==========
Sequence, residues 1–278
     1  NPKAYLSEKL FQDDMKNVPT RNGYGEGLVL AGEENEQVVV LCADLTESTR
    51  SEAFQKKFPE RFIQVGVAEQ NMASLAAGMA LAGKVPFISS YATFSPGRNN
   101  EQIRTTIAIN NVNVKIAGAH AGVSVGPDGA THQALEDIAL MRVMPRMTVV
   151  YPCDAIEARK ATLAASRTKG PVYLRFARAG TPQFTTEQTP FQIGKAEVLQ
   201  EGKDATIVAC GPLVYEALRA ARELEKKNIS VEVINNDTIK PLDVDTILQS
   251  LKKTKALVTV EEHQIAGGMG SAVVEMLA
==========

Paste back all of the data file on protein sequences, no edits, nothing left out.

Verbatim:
Sequence, residues 1–278
     1  NPKAYLSEKL FQDDMKNVPT RNGYGEGLVL AGEENEQVVV LCADLTESTR
    51  SEAFQKKFPE RFIQVGVAEQ NMASLAAGMA LAGKVPFISS YATFSPGRNN
   101  EQIRTTIAIN NVNVKIAGAH AGVSVGPDGA THQALEDIAL MRVMPRMTVV
   151  YPCDAIEARK ATLAASRTKG PVYLRFARAG TPQFTTEQTP FQIGKAEVLQ
   201  EGKDATIVAC GPLVYEALRA ARELEKKNIS VEVINNDTIK PLDVDTILQS
   251  LKKTKALVTV EEHQIAGGMG SAVVEMLA